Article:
Castle Howard is a stately home located in North Yorkshire, England. It is a private home belonging to and occupied, by the Howard family for over 300 years now. Castle Howard is not really a castle; it gained its name because it was built in an area where a former castle had been.

Spreading out over one thousand acres of land, Castle Howard is one of the greatest stately homes in the United Kingdom. It was built in 1699 and is famous for appearing on television and in films. Its most famous appearance owes to the television series Brideshead Revisited. It was also used in the show’s two-hour cinema adaptation in 2008. it is now a part of a group of heritage houses in Treasure Houses of England. Throughout all this, it remains home to the Howard family.

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The Howard’s are kind enough to allow tours of their prestigious home (at a fee), where guests are allowed to view the interior, breath-taking rooms filled with well-known furniture collections, artworks, and sculptures by various painters, such as Titian and Gainsborough. The home has many statues, temples, and fountains adding to its beauty.

There are also multiple rose gardens and ornamental vegetable gardens for guests who enjoy the greenery. All of them consist of beautiful, narrow views through the Howardian Hills, which themselves are a work of art and are breathtaking in their natural beauty. In the captivating Ray Wood, guests can discover remarkable botanical collections sourced from every part of the world. The estate houses the 120-acre Yorkshire Arboretum.

Right next to the estate, guests will find a perfect scenic area, known as North York Moors National Park. This park allows visitors to wind up on the coastal tracks and climb up the steep valleys, relax, and forget their problems in the heather-clad moorland. Guests can also discover aromatic pine forests; if lucky there are sometimes badgers, hawks, and roe deer along the pathway.

The Building Of Castle Howard

Construction of Castle Howard took more than one hundred years to complete, spreading over three Earls. The third Earlecruited the help of his friend, the dramatist John Vanbrugh. Vanburgh had never built anything previously before, so he recruited Nicholas Hawksmoor to help him in the hands-on portion of the project, which consisted of the design. This took place between 1699 and 1702.

Sadly, at the time of John Vanbrugh’s death in 1726, the house was incomplete. There was still a west wing to be built; attention had now been turned to landscaping the floral gardens found on the castle premises. The third Earl also passed on before the castle was complete in 1738. The house was completed later on by the son-in-law of Sir Thomas Robinson, Carlisle. He brought Vanbrugh’s flashy design down to Earth by adding his own Palladian wing. Looking at the castle from the outside gives the viewer an unbalanced appearance of the structure and so the many guests that visit this house have noticed the disconnectedness built just by looking at the house.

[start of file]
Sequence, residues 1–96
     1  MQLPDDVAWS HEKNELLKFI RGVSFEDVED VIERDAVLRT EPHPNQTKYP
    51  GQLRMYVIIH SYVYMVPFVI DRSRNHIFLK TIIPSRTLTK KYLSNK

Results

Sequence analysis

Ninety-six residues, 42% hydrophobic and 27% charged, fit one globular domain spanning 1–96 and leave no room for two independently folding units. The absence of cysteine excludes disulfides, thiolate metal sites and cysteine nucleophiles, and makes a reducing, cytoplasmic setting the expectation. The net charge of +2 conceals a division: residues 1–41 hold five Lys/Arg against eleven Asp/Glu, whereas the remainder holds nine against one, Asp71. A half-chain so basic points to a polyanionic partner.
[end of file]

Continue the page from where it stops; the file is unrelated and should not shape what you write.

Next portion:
The castle is built in an elongated way and formed shape in just below ten years. By the year 1975, when a carving of the house appeared in Vitruvius Britannicus (The British Architect), the outside of the house had already been complete, and the interior was lavishly finished, as well. The overall building of Castle Howard was finished between 1801 to 1811, with Tatham decorating the Long Gallery.

More alterations to the Castle were made when the attic pavilions on both sides of the wings were removed during the refurbishment of the chapel, between 1870 and 1875, as part of a plan to bring both wings into congruence.

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The Fire

On November 9, 1940, a fire broke out at Castle Howard. It began as a fire from the chimney in the southeast corner of South Front and made its way through the building. Strong winds encouraged the fire to move on and destroy the basement rooms, the upper levels, and the dome, which crushed right into the Great Hall.

George Howard and Lady Cecilia managed to restore Castle Howard back into a family home and save the heritage attraction. Between 1960 and 1962, the dome was built up again, then redecorated in 1981 with the help of Grenada Television and Brideshead Revisited.

Currently, the final appearance of the house is asymmetrical and only has a small portion of the idealized view in The British Architect. Instead of the two wings being identical, the house carries two wings that do not match at all and do not carry the vision that Vanbrugh’s Baroque had, as now that vision is challenged by Palladian’s afterthoughts.

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Is Castle Howard a fine stately home?

Looking at the castle structure, although now ruined from asymmetry, one can tell that this is a monumental structure and deserves all praise; even more ore so when including all the extra features of a garden, the statues, and views. The location and scenic view of Castle Howard make it one of the finest stately homes in England. The rest of the house that was not ruined by the fourth Earl stands firm and is worthy of compliment. The interior design of the house shows that much thought was put in before building it. Spanning over a course of more than a hundred years, the Castle Howard is a fine home.

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